The normal horse rests a hind leg by hooking the patella over the bulge at the end of the femur thereby locking the stifle and enabling him to rest a leg without muscular effort to keep it steady. New window.
The normal horse rests a hind leg by hooking the patella over the bulge at the end of the femur (the big leg bone above the stifle joint). This locks the stifle and enables him to rest a leg without any muscular effort to keep it steady. He can lock and unlock the stifle as he wishes, to stand with a hind leg cocked.
But in a horse with too-straight stifles, the patella may inadvertently catch and hook any time the joint is extended--when he is walking, trotting or galloping. In a horse with proper hind leg conformation, the stifle angle is about 135 degrees.
When the joint is extended (to about 145 degrees) the patella hooks on the femur. If the post-legged horse has a stifle angle of about 140 degrees to begin with, it doesn’t take much of a misstep to move it a few more degrees and hook the patella--which is a serious problem if it happens while he is traveling.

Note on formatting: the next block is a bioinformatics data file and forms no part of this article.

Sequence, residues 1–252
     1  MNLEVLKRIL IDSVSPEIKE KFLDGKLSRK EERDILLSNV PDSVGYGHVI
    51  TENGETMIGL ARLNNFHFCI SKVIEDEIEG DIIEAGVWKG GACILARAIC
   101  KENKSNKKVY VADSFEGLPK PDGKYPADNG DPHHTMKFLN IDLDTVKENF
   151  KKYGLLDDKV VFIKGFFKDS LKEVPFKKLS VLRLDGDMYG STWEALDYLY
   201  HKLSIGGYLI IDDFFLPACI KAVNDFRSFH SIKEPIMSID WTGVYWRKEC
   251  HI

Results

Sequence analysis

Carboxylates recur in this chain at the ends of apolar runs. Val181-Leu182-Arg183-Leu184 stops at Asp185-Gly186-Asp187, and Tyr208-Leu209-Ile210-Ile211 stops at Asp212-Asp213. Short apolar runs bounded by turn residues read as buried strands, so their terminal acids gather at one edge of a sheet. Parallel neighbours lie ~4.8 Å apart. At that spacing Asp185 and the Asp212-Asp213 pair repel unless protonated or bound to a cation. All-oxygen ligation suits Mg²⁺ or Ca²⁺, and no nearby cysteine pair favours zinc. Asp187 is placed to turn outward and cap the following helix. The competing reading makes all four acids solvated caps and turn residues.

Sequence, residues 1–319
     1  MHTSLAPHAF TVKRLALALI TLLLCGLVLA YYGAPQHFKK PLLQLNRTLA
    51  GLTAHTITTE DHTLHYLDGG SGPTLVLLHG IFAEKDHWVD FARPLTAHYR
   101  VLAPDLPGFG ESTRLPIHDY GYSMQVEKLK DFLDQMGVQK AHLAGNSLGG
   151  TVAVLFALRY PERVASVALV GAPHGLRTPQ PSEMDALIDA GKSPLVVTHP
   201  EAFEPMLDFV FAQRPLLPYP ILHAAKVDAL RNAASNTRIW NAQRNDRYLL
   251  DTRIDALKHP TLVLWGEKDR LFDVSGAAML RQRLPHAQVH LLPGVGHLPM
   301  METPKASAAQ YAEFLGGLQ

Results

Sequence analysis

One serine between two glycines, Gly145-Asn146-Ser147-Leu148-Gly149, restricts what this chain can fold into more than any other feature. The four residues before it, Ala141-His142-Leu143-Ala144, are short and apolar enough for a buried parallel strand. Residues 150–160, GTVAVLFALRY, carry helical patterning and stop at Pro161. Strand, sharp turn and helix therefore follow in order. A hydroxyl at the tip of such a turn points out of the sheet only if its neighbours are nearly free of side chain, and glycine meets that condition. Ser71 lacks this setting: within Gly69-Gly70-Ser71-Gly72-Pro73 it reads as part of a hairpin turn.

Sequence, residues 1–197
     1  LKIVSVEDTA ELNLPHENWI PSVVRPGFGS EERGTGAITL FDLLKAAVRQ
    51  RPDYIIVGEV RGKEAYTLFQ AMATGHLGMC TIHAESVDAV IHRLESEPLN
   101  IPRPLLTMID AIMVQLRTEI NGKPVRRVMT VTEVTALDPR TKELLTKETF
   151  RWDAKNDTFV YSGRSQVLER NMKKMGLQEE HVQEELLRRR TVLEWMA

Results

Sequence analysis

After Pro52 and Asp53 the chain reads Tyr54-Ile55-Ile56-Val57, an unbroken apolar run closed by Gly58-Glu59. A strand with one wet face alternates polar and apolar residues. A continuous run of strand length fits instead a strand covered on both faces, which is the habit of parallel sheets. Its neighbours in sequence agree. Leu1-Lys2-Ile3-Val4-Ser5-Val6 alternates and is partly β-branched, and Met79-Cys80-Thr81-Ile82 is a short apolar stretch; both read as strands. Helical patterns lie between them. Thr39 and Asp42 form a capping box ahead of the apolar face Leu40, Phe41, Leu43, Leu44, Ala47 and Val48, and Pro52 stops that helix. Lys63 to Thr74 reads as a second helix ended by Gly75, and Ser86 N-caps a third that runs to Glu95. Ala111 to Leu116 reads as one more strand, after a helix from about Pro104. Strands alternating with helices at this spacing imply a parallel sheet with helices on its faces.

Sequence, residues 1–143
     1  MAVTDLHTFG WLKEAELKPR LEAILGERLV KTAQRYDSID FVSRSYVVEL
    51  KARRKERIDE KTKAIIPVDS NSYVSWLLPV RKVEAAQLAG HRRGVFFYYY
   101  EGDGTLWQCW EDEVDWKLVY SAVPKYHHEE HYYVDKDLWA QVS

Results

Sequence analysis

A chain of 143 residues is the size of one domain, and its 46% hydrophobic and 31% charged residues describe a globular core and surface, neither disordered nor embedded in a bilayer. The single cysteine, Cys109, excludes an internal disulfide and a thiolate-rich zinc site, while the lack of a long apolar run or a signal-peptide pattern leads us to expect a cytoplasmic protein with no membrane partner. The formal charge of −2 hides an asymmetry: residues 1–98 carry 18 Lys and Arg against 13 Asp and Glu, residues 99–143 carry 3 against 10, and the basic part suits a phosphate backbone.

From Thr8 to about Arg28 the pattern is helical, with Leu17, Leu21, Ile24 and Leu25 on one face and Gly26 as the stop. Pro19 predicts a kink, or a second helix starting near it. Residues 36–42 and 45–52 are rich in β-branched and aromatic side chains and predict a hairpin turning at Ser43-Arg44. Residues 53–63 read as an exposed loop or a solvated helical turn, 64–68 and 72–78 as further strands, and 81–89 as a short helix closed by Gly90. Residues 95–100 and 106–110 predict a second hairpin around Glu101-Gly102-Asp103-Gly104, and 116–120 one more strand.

The post-legged horse with too-straight hocks may also develop bone spavin and arthritis, as well as bog spavin (swelling in the soft tissues of the hock) because of extra strain on the front of the hock joint capsule. There is constant tension on the small joints within the hock, which irritates the joint capsule and joint cartilage.
The chronic swelling of bog spavin is caused by too much lubricating fluid in the capsule--a result of pulling and irritating the capsule, causing the lining to produce excess fluid. The restriction of the tendon sheath when the hind leg is moving (due to improper hock angle) can also lead to development of thoroughpin. The too-straight leg is easily injured by hard use because of this extra strain on the flexor tendon and its sheath and on the upper part of the suspensory ligament.
A post-legged horse may suffer excessive concussion on the hind feet because of the way the straight leg causes the feet to stab directly into the ground at each stride, with little flexing action. This can lead to cracked hoofs, sole bruising and other concussion related problems within the foot.
Fourth in the series
This is the fourth in a series of five articles that are written by the author of "The Horse Conformation Handbook ." This book, illustrated by Jo Rissanan (a frequent EquiMed contributor), is a must read for anyone interested in a detailed understanding of horse conformation.
Next in the series Horse Conformation - Horse Conformation as a Whole - Can He Do the Job?.
About the author